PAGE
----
Yellowknife MLA Julie Green sworn in as cabinet minister, her portfolios still undecided
Swearing-in ceremony marked the close of an extraordinary emergency session
Yellowknife MLA Julie Green was sworn in as the N.W.T.'s newest cabinet minister Tuesday as the last act of an extraordinary emergency session of the legislature.
Green replaces Great Slave MLA Katrina Nokleby, who was ousted from cabinet in a 16-1 vote that was the focus of the emergency session.
Green, who criticized the "chaos created by" Nokleby in that vote, recited the oath of office that pledges ministers to "duly and faithfully, and to the best of [their] skills and knowledge, execute the powers and trust reposed in [them]."
The assembly is now adjourned until Oct. 15, when MLAs had originally intended to resume.
Portfolios still undecided
What Green will do in cabinet is still unknown.
While Nokleby, an engineer, oversaw the departments of Infrastructure and Industry, Tourism and Investment, Premier Caroline Cochrane suggested last week that other ministers may be shuffled out of their current portfolios.
A caucus retreat held last weekend "was focused on caucus issues," cabinet spokesperson Trista Haugland wrote in an email, and portfolios were not discussed.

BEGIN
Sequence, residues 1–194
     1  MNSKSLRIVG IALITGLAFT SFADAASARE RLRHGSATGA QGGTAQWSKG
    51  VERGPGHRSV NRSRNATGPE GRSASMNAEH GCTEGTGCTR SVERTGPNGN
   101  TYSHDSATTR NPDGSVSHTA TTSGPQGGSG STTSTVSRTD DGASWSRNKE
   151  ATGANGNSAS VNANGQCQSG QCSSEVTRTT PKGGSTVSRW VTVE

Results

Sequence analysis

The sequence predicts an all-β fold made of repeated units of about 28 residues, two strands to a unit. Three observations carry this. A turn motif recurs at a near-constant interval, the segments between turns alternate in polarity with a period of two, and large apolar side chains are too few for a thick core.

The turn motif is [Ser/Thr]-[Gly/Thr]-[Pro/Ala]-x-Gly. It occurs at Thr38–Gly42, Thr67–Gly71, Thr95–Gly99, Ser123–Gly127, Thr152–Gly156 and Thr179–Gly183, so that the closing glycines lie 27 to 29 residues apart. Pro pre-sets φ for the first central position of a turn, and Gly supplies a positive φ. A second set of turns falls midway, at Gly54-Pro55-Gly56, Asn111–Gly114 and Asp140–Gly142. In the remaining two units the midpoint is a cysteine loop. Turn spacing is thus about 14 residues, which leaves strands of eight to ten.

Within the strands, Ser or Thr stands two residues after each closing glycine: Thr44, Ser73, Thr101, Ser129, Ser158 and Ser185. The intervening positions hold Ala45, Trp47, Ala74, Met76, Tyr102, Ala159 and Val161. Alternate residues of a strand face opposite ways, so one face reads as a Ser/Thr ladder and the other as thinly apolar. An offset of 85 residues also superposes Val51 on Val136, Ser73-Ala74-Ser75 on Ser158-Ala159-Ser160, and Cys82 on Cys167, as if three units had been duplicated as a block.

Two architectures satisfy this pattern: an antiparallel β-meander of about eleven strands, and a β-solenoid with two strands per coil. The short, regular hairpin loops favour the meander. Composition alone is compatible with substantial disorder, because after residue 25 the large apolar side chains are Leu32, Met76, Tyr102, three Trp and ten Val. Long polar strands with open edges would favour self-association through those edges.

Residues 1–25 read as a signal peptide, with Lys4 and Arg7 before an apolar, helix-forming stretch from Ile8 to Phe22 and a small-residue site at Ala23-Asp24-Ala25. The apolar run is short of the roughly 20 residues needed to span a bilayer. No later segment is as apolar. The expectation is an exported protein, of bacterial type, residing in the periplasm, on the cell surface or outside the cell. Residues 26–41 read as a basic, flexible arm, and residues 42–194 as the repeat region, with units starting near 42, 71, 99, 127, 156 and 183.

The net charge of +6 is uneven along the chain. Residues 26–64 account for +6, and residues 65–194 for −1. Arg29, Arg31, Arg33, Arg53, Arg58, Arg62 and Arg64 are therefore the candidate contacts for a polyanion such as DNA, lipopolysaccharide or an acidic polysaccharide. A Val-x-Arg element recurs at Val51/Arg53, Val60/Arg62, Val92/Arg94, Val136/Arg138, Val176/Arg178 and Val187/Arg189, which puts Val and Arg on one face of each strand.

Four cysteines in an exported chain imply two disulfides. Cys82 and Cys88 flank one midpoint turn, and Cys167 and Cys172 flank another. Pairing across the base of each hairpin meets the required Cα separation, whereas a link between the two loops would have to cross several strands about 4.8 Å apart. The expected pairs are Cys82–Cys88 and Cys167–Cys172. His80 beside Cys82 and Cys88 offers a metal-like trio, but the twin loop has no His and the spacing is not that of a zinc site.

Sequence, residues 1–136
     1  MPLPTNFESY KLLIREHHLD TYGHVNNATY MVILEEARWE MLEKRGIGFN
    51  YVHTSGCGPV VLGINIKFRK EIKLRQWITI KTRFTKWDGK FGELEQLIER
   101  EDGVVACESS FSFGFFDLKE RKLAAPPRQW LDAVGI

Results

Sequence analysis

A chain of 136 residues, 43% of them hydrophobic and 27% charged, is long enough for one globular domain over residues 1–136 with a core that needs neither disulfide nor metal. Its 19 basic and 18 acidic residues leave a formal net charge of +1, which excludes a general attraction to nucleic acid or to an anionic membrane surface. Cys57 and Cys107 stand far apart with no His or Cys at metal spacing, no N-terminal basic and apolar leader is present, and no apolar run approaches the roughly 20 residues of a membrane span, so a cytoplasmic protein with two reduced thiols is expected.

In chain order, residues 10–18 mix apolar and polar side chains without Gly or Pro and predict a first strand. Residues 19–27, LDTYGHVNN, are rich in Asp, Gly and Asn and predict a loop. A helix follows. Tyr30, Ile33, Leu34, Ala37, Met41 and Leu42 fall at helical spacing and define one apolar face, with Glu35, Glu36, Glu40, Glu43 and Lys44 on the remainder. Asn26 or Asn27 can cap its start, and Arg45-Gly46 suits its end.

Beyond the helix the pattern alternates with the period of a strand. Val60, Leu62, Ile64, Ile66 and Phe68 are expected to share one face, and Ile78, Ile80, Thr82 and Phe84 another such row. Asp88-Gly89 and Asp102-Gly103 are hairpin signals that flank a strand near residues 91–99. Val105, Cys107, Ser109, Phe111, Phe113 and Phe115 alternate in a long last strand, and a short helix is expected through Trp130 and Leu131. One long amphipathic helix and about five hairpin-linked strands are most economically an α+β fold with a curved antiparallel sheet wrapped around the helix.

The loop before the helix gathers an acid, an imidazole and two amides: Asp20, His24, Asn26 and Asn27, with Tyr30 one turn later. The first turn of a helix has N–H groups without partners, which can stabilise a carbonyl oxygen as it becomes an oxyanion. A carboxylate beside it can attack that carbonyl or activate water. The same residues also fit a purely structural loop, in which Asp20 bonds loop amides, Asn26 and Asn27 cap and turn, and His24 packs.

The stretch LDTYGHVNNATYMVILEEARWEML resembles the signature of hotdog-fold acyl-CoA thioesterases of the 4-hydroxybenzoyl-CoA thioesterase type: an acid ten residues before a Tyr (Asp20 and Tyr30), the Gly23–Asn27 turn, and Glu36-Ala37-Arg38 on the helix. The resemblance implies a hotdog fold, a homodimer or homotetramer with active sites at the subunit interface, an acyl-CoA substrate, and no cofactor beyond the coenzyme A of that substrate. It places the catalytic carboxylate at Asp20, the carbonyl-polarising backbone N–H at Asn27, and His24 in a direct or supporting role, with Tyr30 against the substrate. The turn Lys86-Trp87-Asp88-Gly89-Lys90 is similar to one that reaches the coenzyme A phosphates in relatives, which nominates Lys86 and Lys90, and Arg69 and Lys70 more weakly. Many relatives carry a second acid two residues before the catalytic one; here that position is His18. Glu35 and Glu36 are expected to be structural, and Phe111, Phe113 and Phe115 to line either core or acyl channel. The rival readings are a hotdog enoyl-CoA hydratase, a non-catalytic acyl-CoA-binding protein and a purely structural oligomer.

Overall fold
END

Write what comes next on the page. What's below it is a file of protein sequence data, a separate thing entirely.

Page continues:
WATCH | Green speaks after her selection as minister last week:
Instead, the premier "will be working collaboratively with [ministers] in coming days to discuss potential portfolio assignments," Haugland wrote.
The public won't know those assignments until "later in September," she said.
"Following these discussions the premier will take some time to consider assignments, and will then need to share her decision with ministers and regular MLAs prior to a public announcement."
Who is Julie Green?
Green is a two-term MLA representing the downtown riding of Yellowknife Centre, the territory's most urban riding.
Born in England and raised in Edmonton, she has lived in Yellowknife since 2000, and reported for the CBC until 2009. She is well connected with the non-profit community, having served on a number of local boards.
As a candidate in 2019, Green emphasized the need for economic diversification, pushing for investment in housing retrofits, tourism infrastructure, and reducing the cost of living.
In a 2019 interview with Northern News Services Ltd., she said she did not support the creation of a northern addictions treatment facility, but did advocate for universal child care.
Green has also been a longtime advocate for increasing the representation of women in politics. She told CBC News the work she and Cochrane undertook to encourage women to run in the 2019 election is among her proudest accomplishments.